1. The multiple confirmations of methane in the atmosphere of Mars by Dr. Michael Mumma of Goddard Space Flight Center and Dr. Vladimir Krasnopolsky of the Catholic University of America, who produced confirming evidence for their years' earlier finding, and by Dr. Vittorio Formisano, Experimenter on ESA's Mars Express.
  2. A statement by Dr. Krasnopolsky that the detection of methane is most likely an indicator of life.
  3. The statement by Dr. Formisano that the amount and persistence of methane strongly implies life as its source.
  4. Dr. Formisano's additional finding of formaldehyde in the Martian atmosphere, in amounts and persistence he again says is strongly indicative of life.
  5. The report by ESA of large bodies of dust-covered water close to the Martian surface (near Viking Lander 1).
  6. The finding by Dr. Richard Hoover, of NASA's Marshall Space Flight Center, of living bacteria in Alaskan permafrost that had remained frozen for more than 30,000 years, apparently without liquid water. This supports earlier findings reported by the National Science Foundation of living microorganisms on the Polar Ice Cap where temperatures never rise above freezing. However, Levin says, despite the intense cold, thin films of liquid water exist between mineral crystals and are sufficient to support life in these cases, as, he contends, they do on Mars.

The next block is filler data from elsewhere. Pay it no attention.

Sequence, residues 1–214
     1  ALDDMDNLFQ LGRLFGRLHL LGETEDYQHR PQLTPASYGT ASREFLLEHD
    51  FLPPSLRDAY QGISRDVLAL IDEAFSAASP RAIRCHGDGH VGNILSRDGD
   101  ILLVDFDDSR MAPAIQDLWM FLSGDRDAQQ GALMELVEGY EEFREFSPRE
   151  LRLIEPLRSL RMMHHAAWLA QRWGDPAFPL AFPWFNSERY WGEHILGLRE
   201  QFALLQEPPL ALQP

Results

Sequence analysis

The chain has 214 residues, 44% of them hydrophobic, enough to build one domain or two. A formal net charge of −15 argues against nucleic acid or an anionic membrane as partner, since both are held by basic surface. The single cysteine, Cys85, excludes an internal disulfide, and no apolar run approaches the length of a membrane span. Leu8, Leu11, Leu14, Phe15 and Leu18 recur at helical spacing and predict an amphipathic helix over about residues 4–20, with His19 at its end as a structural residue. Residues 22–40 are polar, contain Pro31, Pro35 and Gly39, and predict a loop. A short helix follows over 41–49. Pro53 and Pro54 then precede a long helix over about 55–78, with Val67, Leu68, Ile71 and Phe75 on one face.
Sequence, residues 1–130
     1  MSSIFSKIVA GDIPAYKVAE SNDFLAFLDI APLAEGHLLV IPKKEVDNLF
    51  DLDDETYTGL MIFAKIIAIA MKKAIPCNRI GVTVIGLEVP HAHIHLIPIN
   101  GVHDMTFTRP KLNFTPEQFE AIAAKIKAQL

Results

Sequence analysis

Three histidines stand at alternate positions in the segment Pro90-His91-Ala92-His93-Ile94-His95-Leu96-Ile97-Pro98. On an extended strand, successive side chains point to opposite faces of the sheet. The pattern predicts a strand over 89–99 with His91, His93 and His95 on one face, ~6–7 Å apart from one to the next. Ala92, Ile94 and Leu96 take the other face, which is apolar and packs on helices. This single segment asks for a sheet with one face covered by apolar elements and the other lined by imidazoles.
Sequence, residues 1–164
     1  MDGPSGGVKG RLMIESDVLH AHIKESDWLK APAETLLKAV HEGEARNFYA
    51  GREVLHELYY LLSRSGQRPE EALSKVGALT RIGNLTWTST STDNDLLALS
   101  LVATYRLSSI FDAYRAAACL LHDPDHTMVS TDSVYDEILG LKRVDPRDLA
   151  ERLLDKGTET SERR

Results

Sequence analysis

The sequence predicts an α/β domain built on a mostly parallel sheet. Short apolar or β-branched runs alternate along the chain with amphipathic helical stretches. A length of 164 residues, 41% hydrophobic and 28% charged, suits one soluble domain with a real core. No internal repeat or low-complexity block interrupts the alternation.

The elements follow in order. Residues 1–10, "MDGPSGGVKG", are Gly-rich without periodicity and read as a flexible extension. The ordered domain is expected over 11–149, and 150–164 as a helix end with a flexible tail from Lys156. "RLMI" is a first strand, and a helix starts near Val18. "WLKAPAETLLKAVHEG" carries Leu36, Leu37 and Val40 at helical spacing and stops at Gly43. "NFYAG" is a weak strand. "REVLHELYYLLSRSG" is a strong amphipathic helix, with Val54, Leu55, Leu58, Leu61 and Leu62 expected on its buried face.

Moreover, Levin and his son, Ron, a Ph.D. physicist, have published theoretical proof and referenced actual experiments showing that the surface of Mars must contain liquid water, perhaps in small amounts, but enough to sustain microbial life. Until recently, this was a hotly debated issue in itself.

Based on the use of radioactive carbon, the LR method is extremely sensitive and fast. It is now commonly used in hospitals to detect blood infections. The Mars LR experiment added a squirt of a solution of seven radioactive carbon nutrients to a sample of soil. If any microorganisms were present and consumed any of the nutrients, radioactive gas would evolve from the soil. To confirm that evidence, another sample of the soil would be heated to a temperature calculated to kill any microorganisms, but not high enough to destroy chemicals capable of producing the result. This sample would then be tested. If it gave no response, this would confirm that the microorganisms had caused the initial response, and the criteria for life would have been satisfied. The experiment had never failed in its extensive testing on Earth.